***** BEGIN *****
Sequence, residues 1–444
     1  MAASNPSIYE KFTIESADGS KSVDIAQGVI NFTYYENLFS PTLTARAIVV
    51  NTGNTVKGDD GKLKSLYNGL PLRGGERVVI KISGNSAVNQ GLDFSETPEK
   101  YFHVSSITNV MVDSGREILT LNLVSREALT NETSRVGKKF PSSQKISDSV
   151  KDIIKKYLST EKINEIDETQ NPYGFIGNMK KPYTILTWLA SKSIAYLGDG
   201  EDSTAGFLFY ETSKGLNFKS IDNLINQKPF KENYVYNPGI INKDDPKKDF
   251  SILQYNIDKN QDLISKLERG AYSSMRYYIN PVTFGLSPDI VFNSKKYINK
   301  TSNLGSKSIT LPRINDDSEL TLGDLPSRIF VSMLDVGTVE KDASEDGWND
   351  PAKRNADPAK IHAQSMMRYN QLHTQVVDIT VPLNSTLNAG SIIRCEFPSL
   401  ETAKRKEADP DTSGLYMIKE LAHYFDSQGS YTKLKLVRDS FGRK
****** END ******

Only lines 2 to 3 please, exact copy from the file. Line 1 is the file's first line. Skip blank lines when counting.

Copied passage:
     1  MAASNPSIYE KFTIESADGS KSVDIAQGVI NFTYYENLFS PTLTARAIVV
    51  NTGNTVKGDD GKLKSLYNGL PLRGGERVVI KISGNSAVNQ GLDFSETPEK